PipeChat Digest #1321 - Friday, March 24, 2000
 
Re: Recital notice
  by "Rebekah Ingram" <rringram@syr.edu>
RE: Recital notice
  by "Storandt, Peter" <pstorandt@okcu.edu>
Re: Recital notice
  by "Glenda" <gksjd85@access.aic-fl.com>
The "Popular" pipe organ
  by "Colin Hulme" <colin_hulme@lineone.net>
Re: The "Popular" pipe organ
  by "Bob Scarborough" <desertbob@rglobal.net>
(no subject)
  by <KriderSM@aol.com>
Re: The "Popular" pipe organ
  by <Cremona502@cs.com>
 



(back) Subject: Re: Recital notice From: "Rebekah Ingram" <rringram@syr.edu> Date: Thu, 23 Mar 2000 07:24:00 -0500     ----- Original Message ----- From: Mark Harris <M.Harris@Admin.lon.ac.uk> To: PipeChat <pipechat@pipechat.org> Sent: Thursday, March 23, 2000 4:57 AM Subject: Re: Recital notice     > > Glenda wrote, > > >should we mail brownies? > > Didn't know the Postal Service (or the ATF Bureau) would let you > do that!   Guess you're just going to have to e-mail them!   -Rebekah    
(back) Subject: RE: Recital notice From: "Storandt, Peter" <pstorandt@okcu.edu> Date: Thu, 23 Mar 2000 10:11:20 -0600   Better to fax them....   -----Original Message----- From: Rebekah Ingram [mailto:rringram@syr.edu] Sent: Thursday, March 23, 2000 6:24 AM To: PipeChat Subject: Re: Recital notice       ----- Original Message ----- From: Mark Harris <M.Harris@Admin.lon.ac.uk> To: PipeChat <pipechat@pipechat.org> Sent: Thursday, March 23, 2000 4:57 AM Subject: Re: Recital notice     > > Glenda wrote, > > >should we mail brownies? > > Didn't know the Postal Service (or the ATF Bureau) would let you > do that!   Guess you're just going to have to e-mail them!   -Rebekah     "Pipe Up and Be Heard!" PipeChat: A discussion List for pipe/digital organs & related topics HOMEPAGE : http://www.pipechat.org List: mailto:pipechat@pipechat.org Administration: mailto:admin@pipechat.org Subscribe/Unsubscribe: mailto:requests@pipechat.org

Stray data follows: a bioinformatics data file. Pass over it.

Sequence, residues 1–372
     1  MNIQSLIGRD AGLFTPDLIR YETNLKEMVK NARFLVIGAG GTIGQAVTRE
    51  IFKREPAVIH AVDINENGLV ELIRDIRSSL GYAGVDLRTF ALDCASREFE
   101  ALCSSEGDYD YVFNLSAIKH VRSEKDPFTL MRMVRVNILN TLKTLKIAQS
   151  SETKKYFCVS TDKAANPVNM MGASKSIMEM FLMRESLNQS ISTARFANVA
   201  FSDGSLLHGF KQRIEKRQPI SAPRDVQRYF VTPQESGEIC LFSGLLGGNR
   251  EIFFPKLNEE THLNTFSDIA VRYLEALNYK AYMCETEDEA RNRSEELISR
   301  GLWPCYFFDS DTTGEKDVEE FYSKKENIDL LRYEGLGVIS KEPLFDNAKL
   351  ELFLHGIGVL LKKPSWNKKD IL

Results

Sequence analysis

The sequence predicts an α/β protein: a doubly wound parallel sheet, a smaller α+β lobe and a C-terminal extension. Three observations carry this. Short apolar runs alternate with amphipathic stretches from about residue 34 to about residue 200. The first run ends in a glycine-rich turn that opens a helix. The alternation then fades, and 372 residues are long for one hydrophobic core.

(back) Subject: Re: Recital notice From: "Glenda" <gksjd85@access.aic-fl.com> Date: Thu, 23 Mar 2000 13:17:06 -0600   But they're so flat and mushy that way . . . . What a mess if one should fall on to the pedal board.   Glenda     ----- Original Message ----- From: Storandt, Peter <pstorandt@okcu.edu> To: 'PipeChat' <pipechat@pipechat.org> Sent: Thursday, March 23, 2000 10:11 AM Subject: RE: Recital notice     > Better to fax them.... > > -----Original Message----- > From: Rebekah Ingram [mailto:rringram@syr.edu] > Sent: Thursday, March 23, 2000 6:24 AM > To: PipeChat > Subject: Re: Recital notice > > > > ----- Original Message ----- > From: Mark Harris <M.Harris@Admin.lon.ac.uk> > To: PipeChat <pipechat@pipechat.org> > Sent: Thursday, March 23, 2000 4:57 AM > Subject: Re: Recital notice > > > > > > Glenda wrote, > > > > >should we mail brownies? > > > > Didn't know the Postal Service (or the ATF Bureau) would let you > > do that! > > Guess you're just going to have to e-mail them! > > -Rebekah > > > "Pipe Up and Be Heard!" > PipeChat: A discussion List for pipe/digital organs & related topics > HOMEPAGE : http://www.pipechat.org > List: mailto:pipechat@pipechat.org > Administration: mailto:admin@pipechat.org > Subscribe/Unsubscribe: mailto:requests@pipechat.org > > "Pipe Up and Be Heard!" > PipeChat: A discussion List for pipe/digital organs & related topics > HOMEPAGE : http://www.pipechat.org > List: mailto:pipechat@pipechat.org > Administration: mailto:admin@pipechat.org > Subscribe/Unsubscribe: mailto:requests@pipechat.org >